On Saturday 2 of my athletes, Fiona and Simon, were due to race the Tranent Sprint Triathlon, organised by the Edinburgh University Triathlon Club. Unfortunately Simon’s heel started hurting somewhat out of the blue 2 days earlier so he had to sit this one out.
Fiona on the other hand did race. Tranent it a pool based triathlon with 10 heats of 16 swimmers each. Fiona was in heat 7 which meant a rather long wait from the race brief before the first heat at 9 am to here heat at 11:25. It did though give me time to cycle over from Balerno where I was coaching in the morning to watch Fiona and a number of my Edinburgh and Pentland Triathletes club mates race.
Fiona had a good controlled swim matching her 200m TT effort pace from earlier in the week, her bike leg though was marred with a couple of problems, her chain coming off at one point and being held up at a temporary set of traffic lights. The latter though was an issue a number of athletes faced and something that the race organisers could take into account for the results. The transition entry and exit area is also a bit cluttered but must have been the same over the years. It did mean that Fiona’s recent transition practice didn’t quite come to effect this time. Tranent was my first ever triathlon in 2003.
Fiona’s run was strong and she finished 4th in her category in a time of 1:15:56 hrs. The weather on the day was good – calm but a bit cold in the morning with the sun coming out later. I was rather warm on my cycle home after spectating.
On Wednesday I had two very interesting swim coaching sessions. One was a 1 to 1 session with Alvaro and the other a coincidental 1 to 1 session with Trish.
Alvaro had had a few sessions with me a few months ago and had improved vastly. Last week’s session was set up because something had suddenly gone horribly wrong with his swim which he couldn’t explain as his times suddenly got much slower. Luckily it was quite easy to fix as Alvaro had put too much focus on slowing his stroke down to conserve energy and thus overnight became an overglider. By getting his stroke rate back to the right levels and ensuring that he starts pulling his hand back as soon as he has reached the furthest away point we managed to put him back on track.
Alvaro wrote this later as feedback on my booking page: “Really good class. After a few weeks my swimming came worst. This class helped me to get it back again.”
Trish was with me in the Wed evening session and gave me a great analogy to take forward when I was trying to explain how to get a better pull and she likened this with a scene from Terminator 2 in which the T1000 claws his way up the back of a car with metal hands. The visualisation worked for Trish.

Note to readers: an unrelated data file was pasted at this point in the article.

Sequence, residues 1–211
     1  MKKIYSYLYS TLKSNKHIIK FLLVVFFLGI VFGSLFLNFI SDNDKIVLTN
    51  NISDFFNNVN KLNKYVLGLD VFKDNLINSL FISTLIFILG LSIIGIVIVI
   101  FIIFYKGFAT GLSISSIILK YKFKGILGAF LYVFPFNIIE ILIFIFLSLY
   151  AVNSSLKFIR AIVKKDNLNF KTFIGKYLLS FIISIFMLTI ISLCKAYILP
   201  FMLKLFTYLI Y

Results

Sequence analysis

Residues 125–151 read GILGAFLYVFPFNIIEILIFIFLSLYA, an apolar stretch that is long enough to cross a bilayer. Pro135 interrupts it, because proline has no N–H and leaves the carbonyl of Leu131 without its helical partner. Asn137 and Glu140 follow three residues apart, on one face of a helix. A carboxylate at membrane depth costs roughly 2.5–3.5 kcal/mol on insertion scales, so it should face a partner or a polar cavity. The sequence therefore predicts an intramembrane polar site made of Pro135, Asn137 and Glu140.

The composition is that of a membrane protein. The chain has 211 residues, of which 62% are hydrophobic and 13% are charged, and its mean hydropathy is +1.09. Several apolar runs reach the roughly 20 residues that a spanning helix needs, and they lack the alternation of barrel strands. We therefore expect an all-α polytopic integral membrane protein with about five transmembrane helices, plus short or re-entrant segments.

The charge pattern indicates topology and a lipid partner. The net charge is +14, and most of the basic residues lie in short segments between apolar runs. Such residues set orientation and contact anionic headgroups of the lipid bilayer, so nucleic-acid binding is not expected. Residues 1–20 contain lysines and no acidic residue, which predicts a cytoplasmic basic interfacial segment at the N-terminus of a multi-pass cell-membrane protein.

Since last summer I have been regularly going to yoga. Fiona and I go to a place in Gorgie called Yoga’s got hot. My reason for going was that my physio Julie Kealy suggested I should. I roughly go once a week and initially I wasn’t sure that my flexibility was getting that much better but that I was only getting better at doing yoga as it was something new.
More recently though I have noticed a couple of things that can be attributed to the yoga. Both in running and cycling my hips feel much more freed up and it is those that I try to focus on most in yoga. I have been out on runs and longer rides and at times when I was expecting to feel a stiffer hip, it wasn’t there. Flexibility has improved but it is more the further improvement in body proprioception that is making a bigger impact. I do feel that my improved race times this season can in part be linked back to the yoga too.
In the last couple of weeks I noticed something different. Yoga puts you in some unusual poses as does swimming. Some of the yoga poses can be very well linked to situations you get in when swimming front crawl. The 2 I identified at this moment were a pose called ‘standing T’ in which you stand on one leg with the rest of the body being horizontal stretch as long as possible from head to toe. This does relate very well back to the long body required for streamlined front crawl swimming. The other pose was ‘standing bow’ in which you again stand on one leg and hold the foot of the other whilst pushing it away behind you with the other hand stretched out in front of you. This is similar to the long reach out front with the leading hand in a front crawl swim and the other arm pointing back for an open chest and a wide rotation.
I think it is important to not just do supporting activities such as yoga, pilates or strength and conditioning but making direct links between those and the sport you do will greatly enhance those sessions and what you get from them.
Less on my training for last week but I did want to add that Fiona and I managed another days skiing on the Nevis Range. We extended our stay at Corran Ferry Bunkhouse which I mentioned last week by a day and ended up with the best day of the weekend waking up to glorious sunshine.
I rushed us both up to the slopes to get dug into the skiing before the snow would melt. Sadly I hadn’t considered that a bit of snow softening would be beneficial, especially to Fiona’s skiing. Our first few runs were on rather icy slopes but eventually the conditions did improve. Being a Monday and the snow not being as good as a couple of weeks earlier meant that the ski centre was very quiet and allowed us to uplift at will. We stayed until 4pm and had a great day with Fiona’s skiing making another leap forward and me having had some time to explore the Back Corries once I’d plucked up the courage to go over the edge.
That’s this week’s report. Next week we’ll have some news on the races over the Easter Weekend and hopefully my first run in my new Inov8 X Talon trainers.